Some South Auckland principals want to cancel this year's external exams for Auckland students because many are staying at home to "choose life over education".
Even now that Auckland's level 3 lockdown has ended, some schools still have only a third of their students back in class because of community fear of Covid-19, which has hit mainly Pasifika and Māori families this time around.
Time to catch up is fast running out with school holidays beginning on September 25 and National Certificates of Educational Achievement (NCEA) external exams due to start on November 16.
Sir Edmund Hillary Collegiate principal Kiri Turketo, who has seen attendance in her senior school grow only from 28 per cent on Monday to 30 per cent on Wednesday, said the outlook for her NCEA students was "dire".
"They are choosing life over education," she said.
She said South Auckland principals asked Government ministers and officials in a Zoom meeting during the lockdown to let schools grade all students for NCEA this year based on their previous work, rather than the usual external exams.
"We are all saying why can't you leave it to teacher judgment based on derived grades?" she said.
She said the NZ Qualifications Authority told Auckland schools on August 24 that they could deliver this year's Maths Common Assessment Tasks (MCAT) by derived grades if their students were not ready for the MCAT exams on September 15 and 17.
The agency said: "Where a school or kura has been operating under alert level 3 conditions during term 3, but has moved into level 2 prior to the MCAT, and students have had adequate opportunity to prepare for the assessment, schools should make all reasonable endeavours to deliver the MCAT as planned.
"In circumstances where it would not be reasonable to proceed, or where the school determines it would not be reasonable to expect some or all of your students to be ready for the assessment, you should use your missed assessment policy to determine a valid grade for any student not sitting the MCAT."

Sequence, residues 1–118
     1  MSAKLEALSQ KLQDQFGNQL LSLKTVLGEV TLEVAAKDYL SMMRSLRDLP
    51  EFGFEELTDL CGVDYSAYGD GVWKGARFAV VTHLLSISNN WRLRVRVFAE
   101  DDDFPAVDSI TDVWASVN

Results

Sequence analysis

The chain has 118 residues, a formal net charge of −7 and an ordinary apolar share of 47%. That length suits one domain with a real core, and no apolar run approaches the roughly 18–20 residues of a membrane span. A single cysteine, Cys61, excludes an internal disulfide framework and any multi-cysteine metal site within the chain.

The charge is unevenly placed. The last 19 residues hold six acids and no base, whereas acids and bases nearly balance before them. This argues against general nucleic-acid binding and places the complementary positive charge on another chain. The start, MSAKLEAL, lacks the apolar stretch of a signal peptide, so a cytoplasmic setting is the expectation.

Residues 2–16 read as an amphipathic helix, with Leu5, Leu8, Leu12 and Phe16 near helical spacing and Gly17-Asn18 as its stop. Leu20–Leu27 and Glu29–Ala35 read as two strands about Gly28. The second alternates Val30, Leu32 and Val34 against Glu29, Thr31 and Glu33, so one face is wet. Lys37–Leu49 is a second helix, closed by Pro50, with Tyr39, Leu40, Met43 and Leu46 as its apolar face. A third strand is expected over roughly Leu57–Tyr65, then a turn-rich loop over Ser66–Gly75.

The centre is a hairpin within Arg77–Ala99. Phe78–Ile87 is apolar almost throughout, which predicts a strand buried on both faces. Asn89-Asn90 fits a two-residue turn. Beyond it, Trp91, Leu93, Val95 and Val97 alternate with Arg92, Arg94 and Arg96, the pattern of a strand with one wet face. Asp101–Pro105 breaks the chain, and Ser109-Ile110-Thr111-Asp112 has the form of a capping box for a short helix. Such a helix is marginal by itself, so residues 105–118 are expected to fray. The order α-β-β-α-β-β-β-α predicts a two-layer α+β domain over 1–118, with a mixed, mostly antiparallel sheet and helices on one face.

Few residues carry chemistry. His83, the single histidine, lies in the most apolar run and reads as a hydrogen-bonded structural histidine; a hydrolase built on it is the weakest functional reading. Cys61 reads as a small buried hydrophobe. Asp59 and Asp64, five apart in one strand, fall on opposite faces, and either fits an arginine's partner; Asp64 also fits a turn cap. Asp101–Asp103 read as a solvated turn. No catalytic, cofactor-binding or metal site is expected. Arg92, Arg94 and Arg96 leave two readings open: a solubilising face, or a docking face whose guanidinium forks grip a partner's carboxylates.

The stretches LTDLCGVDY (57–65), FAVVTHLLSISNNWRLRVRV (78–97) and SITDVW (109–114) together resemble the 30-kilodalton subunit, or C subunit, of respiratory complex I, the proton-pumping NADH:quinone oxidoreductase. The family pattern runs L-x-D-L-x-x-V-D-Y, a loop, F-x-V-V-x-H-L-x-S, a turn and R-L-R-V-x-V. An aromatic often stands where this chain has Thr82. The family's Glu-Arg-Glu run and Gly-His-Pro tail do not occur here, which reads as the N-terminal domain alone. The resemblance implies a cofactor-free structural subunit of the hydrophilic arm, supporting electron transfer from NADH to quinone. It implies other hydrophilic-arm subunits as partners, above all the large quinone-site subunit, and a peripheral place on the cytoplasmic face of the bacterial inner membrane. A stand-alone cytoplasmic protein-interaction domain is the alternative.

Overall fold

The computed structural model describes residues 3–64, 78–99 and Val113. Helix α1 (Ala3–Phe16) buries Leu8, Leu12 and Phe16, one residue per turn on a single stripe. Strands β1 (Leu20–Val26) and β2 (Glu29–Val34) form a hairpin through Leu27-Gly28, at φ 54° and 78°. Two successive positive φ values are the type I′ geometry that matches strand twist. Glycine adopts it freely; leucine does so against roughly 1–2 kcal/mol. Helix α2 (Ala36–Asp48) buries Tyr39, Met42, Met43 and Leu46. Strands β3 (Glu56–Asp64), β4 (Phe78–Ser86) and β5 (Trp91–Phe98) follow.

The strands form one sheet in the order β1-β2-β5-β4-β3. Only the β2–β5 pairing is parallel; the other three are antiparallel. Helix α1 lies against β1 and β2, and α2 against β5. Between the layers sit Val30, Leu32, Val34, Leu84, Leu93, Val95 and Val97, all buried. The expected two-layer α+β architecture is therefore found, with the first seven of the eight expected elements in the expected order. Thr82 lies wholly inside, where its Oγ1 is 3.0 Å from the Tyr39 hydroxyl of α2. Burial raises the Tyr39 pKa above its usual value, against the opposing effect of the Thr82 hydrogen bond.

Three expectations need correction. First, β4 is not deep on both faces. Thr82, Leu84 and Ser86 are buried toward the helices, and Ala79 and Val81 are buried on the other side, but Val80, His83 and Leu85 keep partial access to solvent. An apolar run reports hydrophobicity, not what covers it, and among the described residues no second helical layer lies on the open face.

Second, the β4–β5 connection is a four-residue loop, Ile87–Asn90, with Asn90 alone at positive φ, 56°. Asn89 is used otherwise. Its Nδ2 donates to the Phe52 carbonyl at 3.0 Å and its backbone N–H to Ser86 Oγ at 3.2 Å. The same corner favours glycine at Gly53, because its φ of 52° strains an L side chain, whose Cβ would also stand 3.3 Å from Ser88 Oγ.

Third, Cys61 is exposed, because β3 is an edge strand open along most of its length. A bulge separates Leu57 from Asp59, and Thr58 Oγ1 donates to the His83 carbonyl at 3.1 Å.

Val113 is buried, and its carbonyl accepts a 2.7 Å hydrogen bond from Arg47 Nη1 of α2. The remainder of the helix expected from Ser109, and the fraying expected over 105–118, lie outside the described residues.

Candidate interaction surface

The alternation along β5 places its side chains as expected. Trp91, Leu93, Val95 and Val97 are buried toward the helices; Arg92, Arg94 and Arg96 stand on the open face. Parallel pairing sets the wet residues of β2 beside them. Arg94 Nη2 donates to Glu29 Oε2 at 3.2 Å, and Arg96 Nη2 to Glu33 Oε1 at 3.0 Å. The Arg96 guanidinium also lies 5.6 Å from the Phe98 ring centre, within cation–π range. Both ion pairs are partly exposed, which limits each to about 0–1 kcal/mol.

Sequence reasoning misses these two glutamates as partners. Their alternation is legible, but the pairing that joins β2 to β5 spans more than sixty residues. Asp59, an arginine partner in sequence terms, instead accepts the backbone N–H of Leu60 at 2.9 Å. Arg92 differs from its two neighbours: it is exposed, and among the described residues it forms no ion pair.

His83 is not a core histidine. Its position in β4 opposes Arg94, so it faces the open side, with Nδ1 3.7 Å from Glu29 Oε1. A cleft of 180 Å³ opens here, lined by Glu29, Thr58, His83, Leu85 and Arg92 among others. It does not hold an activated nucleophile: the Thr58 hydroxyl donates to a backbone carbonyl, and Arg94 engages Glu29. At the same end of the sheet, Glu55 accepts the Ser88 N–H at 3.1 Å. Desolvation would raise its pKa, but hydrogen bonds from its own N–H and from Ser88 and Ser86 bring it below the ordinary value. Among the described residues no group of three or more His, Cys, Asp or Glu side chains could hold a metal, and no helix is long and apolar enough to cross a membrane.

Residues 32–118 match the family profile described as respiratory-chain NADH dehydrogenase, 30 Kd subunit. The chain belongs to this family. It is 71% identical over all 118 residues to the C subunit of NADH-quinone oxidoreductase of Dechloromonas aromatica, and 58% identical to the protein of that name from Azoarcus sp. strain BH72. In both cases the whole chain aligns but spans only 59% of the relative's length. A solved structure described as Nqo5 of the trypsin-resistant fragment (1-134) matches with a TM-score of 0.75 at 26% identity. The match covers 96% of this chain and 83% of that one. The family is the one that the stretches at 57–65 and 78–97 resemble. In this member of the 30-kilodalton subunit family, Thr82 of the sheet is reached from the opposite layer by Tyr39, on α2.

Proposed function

Turketo commented: "If they can do that for MCAT, why can't they do that for NCEA?"
Howick College principal Iva Ropati, who has more than 90 per cent of his students back, said proceeding with external exams would be "terribly unfair" to Auckland students who have lost almost nine weeks of classes this year, compared with six weeks in other regions.
"I'd like to see derived grades to be considered with no external exams," he said.
"Just go off what the kids have done for their programmes to date, and let us as the teachers decide what a judgment could be for their achievement, knowing that they have missed a good chunk of the time, particularly for Auckland students - in fact only for Auckland students."
However the call is not supported by most principals in the wider Auckland region. Auckland Secondary Schools Principals Association president Steve Hargreaves has asked for four extra NCEA credits for Auckland students, but said the exams should go ahead.
"I think it is important we sit the exams," he said.
"The UK had a shambles with widespread use of derived grades. The NCEA exams are two and half months after our return to school, which is enough time to focus on essential course content and prepare for the exams.
"If we used derived grades we would have to generate evidence of student performance – which is likely to be an exam anyway."
Hargreaves' school, Macleans College, reports attendance now "well into the nineties".
Aorere College principal Greg Pierce, whose attendance is still only around 50 per cent, said scrapping the externals had some support but Auckland schools generally were diverse and many schools would want to keep them.
De La Salle College principal Myles Hogarty, who has 95 per cent of his students back, said his staff would offer extra tutorials and class time in the holidays to prepare students for the exams.
"We are preparing our boys to sit external exams," he said.
Turketo said her staff had proposed using a week of the school holidays to continue classes for all students who want to attend on a voluntary basis.
"The staff said, why don't we work for one week, have it as a week 11 [of this term]? I have to admit I shed a tear, I felt so proud," she said.
"I know that we have board support, I know that we have teacher support. The question I have to be realistic about is that we are already at we are already at week 7 and I only have 28 per cent of the kids."
A spokeswoman for Education Minister Chris Hipkins said Hipkins was "looking at whether any further support needs to be put in place" for Auckland NCEA students.